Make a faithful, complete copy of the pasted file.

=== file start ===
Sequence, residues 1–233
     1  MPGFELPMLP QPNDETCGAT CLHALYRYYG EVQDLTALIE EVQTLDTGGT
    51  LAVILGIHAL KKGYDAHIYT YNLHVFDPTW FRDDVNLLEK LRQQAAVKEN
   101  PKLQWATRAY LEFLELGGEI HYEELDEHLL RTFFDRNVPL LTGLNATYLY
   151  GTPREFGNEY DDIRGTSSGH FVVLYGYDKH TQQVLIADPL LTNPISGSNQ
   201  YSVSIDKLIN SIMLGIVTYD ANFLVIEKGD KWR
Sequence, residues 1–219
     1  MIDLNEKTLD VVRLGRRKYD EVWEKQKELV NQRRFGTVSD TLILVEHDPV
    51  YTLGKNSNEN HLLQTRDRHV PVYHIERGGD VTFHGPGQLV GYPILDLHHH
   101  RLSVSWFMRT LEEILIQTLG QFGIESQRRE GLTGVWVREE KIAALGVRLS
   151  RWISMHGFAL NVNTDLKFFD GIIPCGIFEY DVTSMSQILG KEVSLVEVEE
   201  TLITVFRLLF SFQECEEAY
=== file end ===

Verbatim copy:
Sequence, residues 1–233
     1  MPGFELPMLP QPNDETCGAT CLHALYRYYG EVQDLTALIE EVQTLDTGGT
    51  LAVILGIHAL KKGYDAHIYT YNLHVFDPTW FRDDVNLLEK LRQQAAVKEN
   101  PKLQWATRAY LEFLELGGEI HYEELDEHLL RTFFDRNVPL LTGLNATYLY
   151  GTPREFGNEY DDIRGTSSGH FVVLYGYDKH TQQVLIADPL LTNPISGSNQ
   201  YSVSIDKLIN SIMLGIVTYD ANFLVIEKGD KWR
Sequence, residues 1–219
     1  MIDLNEKTLD VVRLGRRKYD EVWEKQKELV NQRRFGTVSD TLILVEHDPV
    51  YTLGKNSNEN HLLQTRDRHV PVYHIERGGD VTFHGPGQLV GYPILDLHHH
   101  RLSVSWFMRT LEEILIQTLG QFGIESQRRE GLTGVWVREE KIAALGVRLS
   151  RWISMHGFAL NVNTDLKFFD GIIPCGIFEY DVTSMSQILG KEVSLVEVEE
   201  TLITVFRLLF SFQECEEAY